by Zia Ur Rehman
June 26, 2015
After a gap of several years, the Federal Ministry for Religious Affairs and the new management of the Pakistan Madrassa Education Board (PMEB) have again started making efforts to affiliate madrassas with the board.
In advertisements published in Wednesday’s newspapers, the PMEB has asked all independent madrassas to voluntarily apply for affiliation with the board.
Insiders in the PMEB say it is part of the National Action Plan to regulate seminaries, and, as the first step, the authorities are only aiming to get madrassas not associated with any board to register voluntarily.
The PMEB is a state-run body and works under the Federal Ministry for Religious Affairs. It was formed in September 2003 by then president Pervez Musharraf.
Its objective was to establish model madrassas across the country. However, the PMEB remained dysfunctional for several years since its inception and could set up only three model madrassas in the country — Karachi, Sukkar and Islamabad.
After a gap of 11 years, a meeting of the PMEB was held in Islamabad in March this year, which was presided over by Federal Minister for Religious Affair Sardar Muhammad Yousaf. The meeting suggested that the PMEB’s name should be changed to Islamic Education Commission.
Dr Amir Tauseen, chairman of the PMEB, says the board is seeking applications from independent madrassas for affiliation. “There are about 8,000 to 10,000 independent seminaries that are not linked with any board. The PMEB plans to get these seminaries affiliated with the state-run board, helping them to use the government syllabus, take their examinations and offer vocational training,” Tauseen tells The News. “In the March meeting of the PMEB, it was decided to affiliate 500 madrassas. We are also offering these madrassas to take their examinations and issue their graduates with government certificates.”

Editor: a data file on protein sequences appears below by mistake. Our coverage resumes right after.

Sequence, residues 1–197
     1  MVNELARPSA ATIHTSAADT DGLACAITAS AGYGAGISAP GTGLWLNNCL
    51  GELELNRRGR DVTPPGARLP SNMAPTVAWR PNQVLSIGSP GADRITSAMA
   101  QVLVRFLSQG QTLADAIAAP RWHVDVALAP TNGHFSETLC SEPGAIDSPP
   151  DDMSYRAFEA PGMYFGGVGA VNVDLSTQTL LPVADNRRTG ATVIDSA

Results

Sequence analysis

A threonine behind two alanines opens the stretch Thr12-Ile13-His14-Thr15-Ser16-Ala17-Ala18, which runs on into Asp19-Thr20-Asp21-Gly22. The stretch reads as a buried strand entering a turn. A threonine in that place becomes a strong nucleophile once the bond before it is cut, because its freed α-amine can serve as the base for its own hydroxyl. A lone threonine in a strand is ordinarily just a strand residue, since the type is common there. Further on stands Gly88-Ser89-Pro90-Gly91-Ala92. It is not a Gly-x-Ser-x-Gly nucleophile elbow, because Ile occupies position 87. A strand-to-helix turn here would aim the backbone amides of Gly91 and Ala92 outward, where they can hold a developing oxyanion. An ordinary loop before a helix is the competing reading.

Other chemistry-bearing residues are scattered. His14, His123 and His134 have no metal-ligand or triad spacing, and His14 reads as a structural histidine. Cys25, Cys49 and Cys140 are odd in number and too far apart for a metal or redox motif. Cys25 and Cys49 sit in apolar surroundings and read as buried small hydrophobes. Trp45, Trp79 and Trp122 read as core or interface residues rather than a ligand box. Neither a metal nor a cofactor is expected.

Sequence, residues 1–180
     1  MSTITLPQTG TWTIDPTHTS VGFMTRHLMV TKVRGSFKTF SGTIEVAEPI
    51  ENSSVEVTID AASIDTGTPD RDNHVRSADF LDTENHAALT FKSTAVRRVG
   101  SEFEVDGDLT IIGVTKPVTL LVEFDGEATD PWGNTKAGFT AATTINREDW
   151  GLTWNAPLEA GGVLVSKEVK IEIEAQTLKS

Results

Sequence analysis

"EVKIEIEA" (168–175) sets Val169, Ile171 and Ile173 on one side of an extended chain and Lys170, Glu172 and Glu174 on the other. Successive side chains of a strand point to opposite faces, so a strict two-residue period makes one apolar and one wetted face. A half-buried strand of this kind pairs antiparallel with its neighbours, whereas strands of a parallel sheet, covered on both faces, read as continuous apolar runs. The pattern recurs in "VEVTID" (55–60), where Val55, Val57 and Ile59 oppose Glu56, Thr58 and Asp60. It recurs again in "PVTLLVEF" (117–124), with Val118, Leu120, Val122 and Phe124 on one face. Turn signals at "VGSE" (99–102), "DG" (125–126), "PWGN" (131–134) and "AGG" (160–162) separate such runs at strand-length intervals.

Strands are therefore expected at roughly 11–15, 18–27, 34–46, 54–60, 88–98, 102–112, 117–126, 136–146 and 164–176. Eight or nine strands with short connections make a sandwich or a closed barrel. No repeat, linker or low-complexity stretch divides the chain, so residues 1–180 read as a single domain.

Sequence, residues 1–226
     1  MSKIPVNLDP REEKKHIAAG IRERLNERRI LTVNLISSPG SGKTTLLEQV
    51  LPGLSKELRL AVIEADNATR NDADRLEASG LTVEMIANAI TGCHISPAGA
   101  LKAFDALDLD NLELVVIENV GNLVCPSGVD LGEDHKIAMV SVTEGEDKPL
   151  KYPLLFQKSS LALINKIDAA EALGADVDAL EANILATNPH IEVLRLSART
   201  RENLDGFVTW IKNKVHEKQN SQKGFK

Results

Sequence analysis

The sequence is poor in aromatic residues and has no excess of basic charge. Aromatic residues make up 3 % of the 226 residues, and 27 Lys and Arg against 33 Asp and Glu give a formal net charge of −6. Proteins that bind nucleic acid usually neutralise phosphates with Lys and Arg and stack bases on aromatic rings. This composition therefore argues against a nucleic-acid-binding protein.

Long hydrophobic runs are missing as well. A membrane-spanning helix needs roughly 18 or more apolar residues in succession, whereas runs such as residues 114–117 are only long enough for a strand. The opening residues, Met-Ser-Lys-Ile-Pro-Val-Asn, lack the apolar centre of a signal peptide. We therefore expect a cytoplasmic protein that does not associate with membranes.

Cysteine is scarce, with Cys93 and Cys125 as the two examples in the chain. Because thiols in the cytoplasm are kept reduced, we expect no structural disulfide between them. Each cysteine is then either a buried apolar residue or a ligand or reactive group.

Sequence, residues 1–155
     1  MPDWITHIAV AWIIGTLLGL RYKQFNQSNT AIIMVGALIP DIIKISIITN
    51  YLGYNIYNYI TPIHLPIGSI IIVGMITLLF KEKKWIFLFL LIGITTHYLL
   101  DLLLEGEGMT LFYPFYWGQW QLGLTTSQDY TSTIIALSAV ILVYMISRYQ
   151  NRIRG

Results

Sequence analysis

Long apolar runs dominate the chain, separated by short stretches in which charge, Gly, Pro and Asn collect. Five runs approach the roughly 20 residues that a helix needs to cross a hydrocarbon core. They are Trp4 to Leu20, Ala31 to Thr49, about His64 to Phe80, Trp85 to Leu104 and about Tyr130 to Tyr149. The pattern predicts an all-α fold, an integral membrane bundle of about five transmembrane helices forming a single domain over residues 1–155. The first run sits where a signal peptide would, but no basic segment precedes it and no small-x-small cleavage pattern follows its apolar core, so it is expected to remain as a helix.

There are five boards (wifaqs) of madrassas of different schools of thoughts — Deobandi, Barelvi, Ahle-Hadith, Shia and Jamaat-e-Islami. An organisation, called the Ittehad-e-Tanzimat Madaris-e-Deeniya (ITMD), is a collation of all five wifaqs of madrassas.
However, boards’ leaders opposing the government’s moves say that they would not tolerate unnecessary interference in the affairs of madrassas.
Mufti Muhammad Naeem, principal of Jamia Binoria International, one of the biggest madrassas in the city, says the government is not taking the madrassa boards’ bodies into confidence before announcing the affiliation of the madrassas with the board.
“The government claims to bring the madrassas into the mainstream, but, in fact, bureaucrats have intentionally been foiling the efforts as they do not want to see a madrassa graduate in top public positions, such as judges and commissioners,” Naeem, who is also an executive committee member of Wifaqul Madaris Al-Arabia, a board of Deobandi madrassas, tells The News. It is not the first time that the madrassa boards have voiced opposition to such attempts of the governments, analysts say.